With Beijing’s ambitious new plan to construct a mega-hydropower plant, tensions between the two Asian giants are expected to rise. The structure would cross the Brahmaputra River until it leaves the Himalayas and flows into India, straddling the world’s longest and deepest canyon at an altitude of more than 1,500 metres (4,900 feet).
The Tibetan local government signed a “strategic partnership deal” with PowerChina, a state-owned construction company that specialises in hydroelectric projects, in October of last year. A month later, Yan Zhiyong, the CEO of PowerChina, gave the Communist Youth League, China’s ruling party’s youth wing, a sneak peek at the initiative. The “super-dam” however is in a league of its own.
The project in Tibet’s Medog County is projected to outperform the world-record-breaking Three Gorges Dam on the Yangtze River in central China, generating 300 billion kilowatts of electricity annually. New Delhi is concerned about water security in the downstream Brahmaputra River basin in its northeastern state of Assam and neighbouring regions.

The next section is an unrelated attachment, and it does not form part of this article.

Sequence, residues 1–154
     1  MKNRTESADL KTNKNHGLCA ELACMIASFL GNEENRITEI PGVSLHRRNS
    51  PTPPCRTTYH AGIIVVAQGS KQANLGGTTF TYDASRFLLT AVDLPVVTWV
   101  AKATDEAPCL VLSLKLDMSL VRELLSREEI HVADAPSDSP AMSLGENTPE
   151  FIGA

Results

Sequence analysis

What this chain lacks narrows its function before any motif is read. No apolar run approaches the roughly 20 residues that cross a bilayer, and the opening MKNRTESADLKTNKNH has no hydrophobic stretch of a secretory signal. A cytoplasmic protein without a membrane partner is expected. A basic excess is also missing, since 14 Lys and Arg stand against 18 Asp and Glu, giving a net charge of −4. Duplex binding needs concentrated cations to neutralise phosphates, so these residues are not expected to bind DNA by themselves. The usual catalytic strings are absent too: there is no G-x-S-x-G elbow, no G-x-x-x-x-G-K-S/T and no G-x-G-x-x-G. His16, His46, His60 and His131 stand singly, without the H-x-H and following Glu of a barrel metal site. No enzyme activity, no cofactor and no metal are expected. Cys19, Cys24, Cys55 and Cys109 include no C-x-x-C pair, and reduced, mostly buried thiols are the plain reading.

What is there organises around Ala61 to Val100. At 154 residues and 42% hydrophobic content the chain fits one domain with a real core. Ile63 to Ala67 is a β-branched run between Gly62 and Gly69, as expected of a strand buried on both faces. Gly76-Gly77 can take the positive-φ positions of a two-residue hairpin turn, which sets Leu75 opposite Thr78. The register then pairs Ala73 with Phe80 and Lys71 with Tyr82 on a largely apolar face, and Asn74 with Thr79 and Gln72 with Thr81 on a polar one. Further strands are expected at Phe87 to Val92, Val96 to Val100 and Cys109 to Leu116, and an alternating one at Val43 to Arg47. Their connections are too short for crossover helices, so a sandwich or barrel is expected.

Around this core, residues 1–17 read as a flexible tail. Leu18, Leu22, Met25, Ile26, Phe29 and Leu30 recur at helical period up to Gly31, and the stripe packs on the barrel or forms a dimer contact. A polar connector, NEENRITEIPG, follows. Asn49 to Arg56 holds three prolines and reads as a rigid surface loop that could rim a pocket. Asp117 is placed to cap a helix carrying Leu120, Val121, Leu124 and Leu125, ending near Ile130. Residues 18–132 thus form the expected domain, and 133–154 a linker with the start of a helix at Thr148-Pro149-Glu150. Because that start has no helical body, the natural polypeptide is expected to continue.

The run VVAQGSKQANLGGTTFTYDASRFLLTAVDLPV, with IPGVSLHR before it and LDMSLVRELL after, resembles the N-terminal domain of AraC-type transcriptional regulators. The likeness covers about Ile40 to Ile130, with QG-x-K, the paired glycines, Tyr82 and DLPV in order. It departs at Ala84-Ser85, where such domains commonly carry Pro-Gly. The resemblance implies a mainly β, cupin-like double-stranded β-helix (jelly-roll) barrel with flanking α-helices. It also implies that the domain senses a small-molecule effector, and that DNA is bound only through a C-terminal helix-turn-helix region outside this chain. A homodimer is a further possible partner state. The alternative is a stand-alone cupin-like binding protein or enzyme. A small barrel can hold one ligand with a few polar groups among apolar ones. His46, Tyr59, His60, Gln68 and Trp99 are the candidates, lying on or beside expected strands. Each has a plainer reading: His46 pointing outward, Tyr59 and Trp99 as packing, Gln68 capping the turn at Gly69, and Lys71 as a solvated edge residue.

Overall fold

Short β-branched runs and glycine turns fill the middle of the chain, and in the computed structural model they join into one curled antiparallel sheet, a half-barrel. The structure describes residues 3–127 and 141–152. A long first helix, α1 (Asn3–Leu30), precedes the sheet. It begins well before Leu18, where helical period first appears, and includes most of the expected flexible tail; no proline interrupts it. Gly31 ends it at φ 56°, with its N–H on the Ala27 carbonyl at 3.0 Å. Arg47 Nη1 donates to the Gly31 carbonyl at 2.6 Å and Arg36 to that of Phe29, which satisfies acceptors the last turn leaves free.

Yan Zhiyong, chairman of China’s Power Construction Corporation, said the project was included in the Central Committee of the ruling Communist Party’s plans for formulating the country’s 14th Five-Year Plan (2021-25) and long-term targets through 2035.
The strategically weak Indian states border Tibet in the north and are linked to the rest of India through the Siliguri Corridor, also known as the Chicken’s Neck. New Delhi has not taken lightly Beijing’s renewed attempt to harness one of South Asia’s largest and most strategic rivers.
There are environmental and political threats, according to Tempa Gyaltsen Zamlha, an environmental policy specialist at the Tibetan Policy Institute in Dharamshala, India, which is affiliated with the exiled Tibetan government. The project has also caused concern in New Delhi. According to experts, the Chinese Communist Party effectively controls the sources of much of South Asia’s water resources.